If Tobii’s solution isn’t the best eye tracking we’ve seen in an HMD, it’s certainly tied for first place. But here’s a twist: We’ve seen several excellent VR eye tracking companies, but they keep disappearing--via acquisitions. Outfits like SMI and The Eye Tribe have been subsumed into huge companies. But that’s extremely unlikely to happen with Tobii, which is not a plucky startup but instead an international company with multiple divisions and 900 employees.

That means HMD makers can license Tobii tech--which in turn means it could make its way into a number of headsets soon.


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Best Keyboard Innovation: Cooler Master MK851 With Aimpad Technology

We’re on record saying that we believe analog keyboard input is going to be a game-changer for, er, gaming, and Cooler Master is the first big keyboard OEM to take the plunge. The company announced that its upcoming MK851 will feature Aimpad’s analog switch technology.

We first saw Aimpad tech in action about a year ago in prototype form, but Wooting beat everyone to the punch when it brought its analog One keyboard to market in 2017. However, if the Cooler Master experiment proves to have legs with consumers, this may just be the beginning of an exciting trend in the keyboard world.


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Worst. CES. Ever.

Intel’s CES went from bad to worse. The pesky journalists at The Register scuttled the industry's plans to postpone news releases about the Meltdown and Spectre vulnerabilities until a few days after Intel’s CES keynote. As a result, news of the performance-killing patches was dragged into the light the week before the show began. Intel took the brunt of the blow as its stock plunged and it was slapped with three class-action lawsuits, but never mind the fact that the vulnerability impacts nearly every processor vendor. 

What could possibly be worse than that? It turns out Intel’s CEO, Brian Krzanich, sold all of the Intel stock he could before the company revealed the vulnerabilities. Krzanich’s $39 million in transactions led to an increasing chorus of financial publications, U.S. senators, and law firms calling for an SEC investigation for possible insider trading. In fact, a law firm announced it was investigating Krzanich for securities fraud a mere two hours before he took the stage.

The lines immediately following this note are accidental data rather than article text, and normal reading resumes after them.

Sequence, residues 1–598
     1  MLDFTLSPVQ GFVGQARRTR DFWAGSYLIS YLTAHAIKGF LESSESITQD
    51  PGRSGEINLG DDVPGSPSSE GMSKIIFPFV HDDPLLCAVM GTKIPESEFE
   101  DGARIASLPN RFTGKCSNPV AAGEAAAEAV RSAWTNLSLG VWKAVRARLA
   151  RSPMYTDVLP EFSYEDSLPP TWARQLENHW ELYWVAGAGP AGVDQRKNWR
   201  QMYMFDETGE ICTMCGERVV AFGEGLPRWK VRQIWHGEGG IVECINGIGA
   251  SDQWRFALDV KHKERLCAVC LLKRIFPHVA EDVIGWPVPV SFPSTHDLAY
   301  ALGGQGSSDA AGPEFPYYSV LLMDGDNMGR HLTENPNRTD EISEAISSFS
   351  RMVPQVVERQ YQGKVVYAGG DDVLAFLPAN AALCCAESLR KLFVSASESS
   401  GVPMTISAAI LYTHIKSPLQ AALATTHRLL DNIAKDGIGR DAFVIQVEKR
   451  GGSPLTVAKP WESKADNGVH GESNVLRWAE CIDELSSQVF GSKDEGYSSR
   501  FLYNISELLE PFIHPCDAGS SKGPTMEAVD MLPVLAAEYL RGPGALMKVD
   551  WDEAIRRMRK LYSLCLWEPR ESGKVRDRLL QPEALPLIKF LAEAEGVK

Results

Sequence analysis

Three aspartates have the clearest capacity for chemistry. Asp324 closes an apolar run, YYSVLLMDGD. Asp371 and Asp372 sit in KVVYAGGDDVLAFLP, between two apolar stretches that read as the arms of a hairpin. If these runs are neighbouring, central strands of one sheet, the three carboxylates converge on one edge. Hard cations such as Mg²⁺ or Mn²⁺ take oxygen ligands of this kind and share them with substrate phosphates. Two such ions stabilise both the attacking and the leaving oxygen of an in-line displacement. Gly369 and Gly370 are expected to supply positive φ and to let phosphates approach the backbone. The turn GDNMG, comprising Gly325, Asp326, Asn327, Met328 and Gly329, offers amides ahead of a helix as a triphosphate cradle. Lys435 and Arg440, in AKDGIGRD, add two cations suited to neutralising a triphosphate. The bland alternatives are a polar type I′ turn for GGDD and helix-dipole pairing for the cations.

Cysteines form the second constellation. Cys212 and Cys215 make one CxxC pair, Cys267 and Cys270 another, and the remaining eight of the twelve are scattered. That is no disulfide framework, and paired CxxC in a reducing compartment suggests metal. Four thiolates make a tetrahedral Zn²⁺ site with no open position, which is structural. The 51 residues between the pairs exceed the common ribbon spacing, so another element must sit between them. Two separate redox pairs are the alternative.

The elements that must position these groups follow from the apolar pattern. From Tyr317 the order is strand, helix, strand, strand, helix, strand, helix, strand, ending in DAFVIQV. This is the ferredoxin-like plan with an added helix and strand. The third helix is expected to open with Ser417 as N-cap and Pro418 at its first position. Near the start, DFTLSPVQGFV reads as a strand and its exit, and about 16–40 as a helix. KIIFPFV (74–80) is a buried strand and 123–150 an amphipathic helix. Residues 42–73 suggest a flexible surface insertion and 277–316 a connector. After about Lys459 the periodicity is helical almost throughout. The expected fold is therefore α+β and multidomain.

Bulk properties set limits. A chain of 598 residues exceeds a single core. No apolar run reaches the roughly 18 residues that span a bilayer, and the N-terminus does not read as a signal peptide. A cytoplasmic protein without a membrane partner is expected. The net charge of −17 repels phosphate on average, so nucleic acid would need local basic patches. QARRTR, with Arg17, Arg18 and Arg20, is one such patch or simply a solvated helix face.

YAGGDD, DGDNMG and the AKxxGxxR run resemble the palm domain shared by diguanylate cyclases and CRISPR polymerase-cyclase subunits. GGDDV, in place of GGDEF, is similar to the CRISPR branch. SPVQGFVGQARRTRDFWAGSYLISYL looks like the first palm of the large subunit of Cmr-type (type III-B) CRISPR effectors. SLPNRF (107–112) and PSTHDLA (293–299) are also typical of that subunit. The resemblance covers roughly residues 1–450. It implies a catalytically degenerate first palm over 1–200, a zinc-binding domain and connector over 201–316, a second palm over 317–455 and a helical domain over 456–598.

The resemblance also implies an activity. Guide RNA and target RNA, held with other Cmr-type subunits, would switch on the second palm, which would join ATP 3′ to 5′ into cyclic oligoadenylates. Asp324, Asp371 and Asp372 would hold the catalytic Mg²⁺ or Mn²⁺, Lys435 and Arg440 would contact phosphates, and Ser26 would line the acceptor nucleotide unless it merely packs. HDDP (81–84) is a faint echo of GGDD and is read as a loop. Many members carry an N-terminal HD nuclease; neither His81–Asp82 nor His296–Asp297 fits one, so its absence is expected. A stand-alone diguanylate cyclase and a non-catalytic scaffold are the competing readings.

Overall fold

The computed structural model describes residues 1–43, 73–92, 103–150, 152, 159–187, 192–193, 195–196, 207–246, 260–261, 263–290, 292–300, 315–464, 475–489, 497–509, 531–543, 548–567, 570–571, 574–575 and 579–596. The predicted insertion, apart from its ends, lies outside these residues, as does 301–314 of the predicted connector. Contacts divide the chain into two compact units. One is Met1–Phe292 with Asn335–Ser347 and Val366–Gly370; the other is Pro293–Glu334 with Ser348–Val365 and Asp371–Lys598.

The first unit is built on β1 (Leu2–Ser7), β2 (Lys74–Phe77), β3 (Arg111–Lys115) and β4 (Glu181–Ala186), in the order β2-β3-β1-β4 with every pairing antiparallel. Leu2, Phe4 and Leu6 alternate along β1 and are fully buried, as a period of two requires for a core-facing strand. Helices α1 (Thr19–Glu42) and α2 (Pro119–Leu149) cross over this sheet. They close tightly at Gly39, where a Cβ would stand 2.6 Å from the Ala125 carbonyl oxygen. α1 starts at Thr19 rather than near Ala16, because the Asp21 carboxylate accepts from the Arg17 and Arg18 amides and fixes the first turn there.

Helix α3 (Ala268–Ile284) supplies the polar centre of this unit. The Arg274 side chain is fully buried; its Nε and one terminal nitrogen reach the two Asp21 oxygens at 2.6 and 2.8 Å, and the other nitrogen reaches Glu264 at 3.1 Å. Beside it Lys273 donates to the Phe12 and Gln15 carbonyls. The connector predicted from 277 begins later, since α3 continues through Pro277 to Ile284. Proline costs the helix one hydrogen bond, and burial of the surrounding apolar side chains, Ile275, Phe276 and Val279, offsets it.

That’s a lot to carry into the opening keynote at the world's largest consumer trade show, but the show must go on. Krzanich handled the crisis with aplomb in a whirlwind keynote. The spectacle almost made us forget Intel’s promise to deliver the obscenely overdue 10nm Cannon Lake processors to market in 2017--at least until Krzanich didn’t mention it during the presentation.

The next day found the company making a hasty 10nm announcement that lasted, according to our precise measurements, 16 seconds. Intel announced it did ship Cannon Lake parts (yes, plural) before the end of the year, and that it would ramp production throughout this year. The company hasn’t told us exactly what it shipped, how many, or to whom, so we’ll just have to assume it was a meaningful quantity.

Intel spent the remainder of CES week diligently rolling out emergency Meltdown and Spectre patches, but that culminated in an announcement on the last day of the show that the patches are causing unplanned reboots on client platforms with Broadwell and Haswell processors. What could be worse than that? Well, the unplanned shutdowns are also happening in the data center. It’s easy to imagine the lawsuits are rolling in faster than the patches.